restricted access “If the evil now growing around us be not staid”: Montreal and Liverpool Confront the Irish Famine Migration as a Transnational Crisis in Urban Governance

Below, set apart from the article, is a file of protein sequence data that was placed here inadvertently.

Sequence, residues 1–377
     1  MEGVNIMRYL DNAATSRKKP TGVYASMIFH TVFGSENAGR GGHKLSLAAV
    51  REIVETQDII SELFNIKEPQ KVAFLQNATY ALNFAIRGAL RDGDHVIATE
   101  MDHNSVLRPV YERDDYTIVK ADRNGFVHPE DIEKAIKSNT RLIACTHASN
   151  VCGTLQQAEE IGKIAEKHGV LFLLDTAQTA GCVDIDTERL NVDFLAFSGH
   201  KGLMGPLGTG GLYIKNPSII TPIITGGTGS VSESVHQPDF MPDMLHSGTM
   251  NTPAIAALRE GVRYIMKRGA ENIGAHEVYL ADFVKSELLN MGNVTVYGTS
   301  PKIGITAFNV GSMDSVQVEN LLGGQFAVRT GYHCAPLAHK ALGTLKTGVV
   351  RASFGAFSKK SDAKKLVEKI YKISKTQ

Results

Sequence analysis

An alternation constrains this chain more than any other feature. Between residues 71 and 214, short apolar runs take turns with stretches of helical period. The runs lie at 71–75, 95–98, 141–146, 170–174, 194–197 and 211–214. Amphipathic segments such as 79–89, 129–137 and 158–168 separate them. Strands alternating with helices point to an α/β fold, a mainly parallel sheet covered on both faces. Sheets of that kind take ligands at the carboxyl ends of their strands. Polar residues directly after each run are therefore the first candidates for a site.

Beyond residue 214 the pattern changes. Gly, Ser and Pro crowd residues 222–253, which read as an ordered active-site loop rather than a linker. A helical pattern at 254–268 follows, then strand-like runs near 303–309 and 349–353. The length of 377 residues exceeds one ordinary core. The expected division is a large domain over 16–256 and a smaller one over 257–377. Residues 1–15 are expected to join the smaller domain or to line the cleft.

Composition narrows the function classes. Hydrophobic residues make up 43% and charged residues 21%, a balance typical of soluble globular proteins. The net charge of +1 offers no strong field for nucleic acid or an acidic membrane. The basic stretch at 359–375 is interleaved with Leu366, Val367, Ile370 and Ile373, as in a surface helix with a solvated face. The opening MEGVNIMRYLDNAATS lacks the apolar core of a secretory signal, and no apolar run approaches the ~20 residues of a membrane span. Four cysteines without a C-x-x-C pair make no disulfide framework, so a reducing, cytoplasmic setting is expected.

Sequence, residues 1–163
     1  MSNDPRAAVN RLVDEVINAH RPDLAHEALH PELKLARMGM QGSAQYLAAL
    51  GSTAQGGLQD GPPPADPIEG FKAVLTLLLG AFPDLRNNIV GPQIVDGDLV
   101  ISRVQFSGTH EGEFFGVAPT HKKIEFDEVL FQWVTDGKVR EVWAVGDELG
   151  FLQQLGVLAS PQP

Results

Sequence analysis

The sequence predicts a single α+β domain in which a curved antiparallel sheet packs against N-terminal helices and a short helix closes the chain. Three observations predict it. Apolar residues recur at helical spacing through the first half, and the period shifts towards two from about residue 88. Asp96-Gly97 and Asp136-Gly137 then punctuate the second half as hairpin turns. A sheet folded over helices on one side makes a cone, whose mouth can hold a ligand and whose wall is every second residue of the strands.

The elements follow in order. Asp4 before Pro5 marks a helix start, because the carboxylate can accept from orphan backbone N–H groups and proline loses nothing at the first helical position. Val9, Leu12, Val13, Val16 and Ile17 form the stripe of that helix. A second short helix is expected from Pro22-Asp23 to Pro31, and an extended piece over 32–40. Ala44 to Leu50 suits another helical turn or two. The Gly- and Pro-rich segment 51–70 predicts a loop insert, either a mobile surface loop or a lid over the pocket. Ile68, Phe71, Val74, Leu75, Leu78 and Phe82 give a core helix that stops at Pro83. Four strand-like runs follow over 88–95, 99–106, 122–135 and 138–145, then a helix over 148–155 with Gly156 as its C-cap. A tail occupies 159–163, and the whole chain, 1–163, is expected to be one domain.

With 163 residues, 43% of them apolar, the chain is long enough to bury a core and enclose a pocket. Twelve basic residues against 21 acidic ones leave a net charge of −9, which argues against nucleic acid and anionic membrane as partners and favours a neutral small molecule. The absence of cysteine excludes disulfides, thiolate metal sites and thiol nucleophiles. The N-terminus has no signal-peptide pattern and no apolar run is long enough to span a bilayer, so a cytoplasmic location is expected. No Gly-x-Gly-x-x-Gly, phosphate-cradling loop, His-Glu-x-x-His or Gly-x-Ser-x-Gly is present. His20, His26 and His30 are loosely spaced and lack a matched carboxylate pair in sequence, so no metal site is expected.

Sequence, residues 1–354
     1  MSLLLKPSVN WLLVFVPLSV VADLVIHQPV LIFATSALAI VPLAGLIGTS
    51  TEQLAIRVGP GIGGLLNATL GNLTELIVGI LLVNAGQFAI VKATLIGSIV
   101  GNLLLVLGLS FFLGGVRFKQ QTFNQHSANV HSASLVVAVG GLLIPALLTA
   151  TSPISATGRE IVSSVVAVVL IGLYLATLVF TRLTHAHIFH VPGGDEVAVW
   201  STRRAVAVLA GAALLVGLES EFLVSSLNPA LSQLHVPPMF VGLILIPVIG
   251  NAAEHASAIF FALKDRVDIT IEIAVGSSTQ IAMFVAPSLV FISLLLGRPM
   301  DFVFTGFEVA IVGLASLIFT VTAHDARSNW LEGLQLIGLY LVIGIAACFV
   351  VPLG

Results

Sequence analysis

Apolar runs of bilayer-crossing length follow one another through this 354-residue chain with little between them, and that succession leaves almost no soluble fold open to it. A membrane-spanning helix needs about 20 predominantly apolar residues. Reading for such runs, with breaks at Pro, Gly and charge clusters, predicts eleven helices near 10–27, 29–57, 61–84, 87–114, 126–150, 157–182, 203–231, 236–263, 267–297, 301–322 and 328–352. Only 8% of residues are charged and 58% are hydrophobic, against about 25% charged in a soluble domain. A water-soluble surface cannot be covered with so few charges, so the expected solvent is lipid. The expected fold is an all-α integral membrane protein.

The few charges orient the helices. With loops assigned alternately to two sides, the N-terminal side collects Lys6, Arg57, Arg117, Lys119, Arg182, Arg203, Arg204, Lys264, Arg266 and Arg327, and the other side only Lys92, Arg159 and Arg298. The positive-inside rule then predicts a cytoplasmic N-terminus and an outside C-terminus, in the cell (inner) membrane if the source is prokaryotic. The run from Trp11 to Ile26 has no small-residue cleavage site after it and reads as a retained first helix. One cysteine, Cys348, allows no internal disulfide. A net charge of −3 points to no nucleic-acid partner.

During the summer of 1847, hundreds of thousands of Irish migrants fleeing famine and social upheaval in their native land made their way to the bustling North Atlantic port cities of Montreal and Liverpool. Their migration was marked by outbreaks of epidemic disease that helped fuel public doubts about the project of liberal urban governance. The imperial, colonial and municipal authorities were forced to adopt innovative practices of authority in the midst of the ensuing crisis. This article explores the similarities between the response to these events in Montreal and Liverpool as well as the way that these responses were inextricably linked to local circumstances. In doing so, it examines the way that political practices were debated and implemented across the North Atlantic World in the middle of the nineteenth century.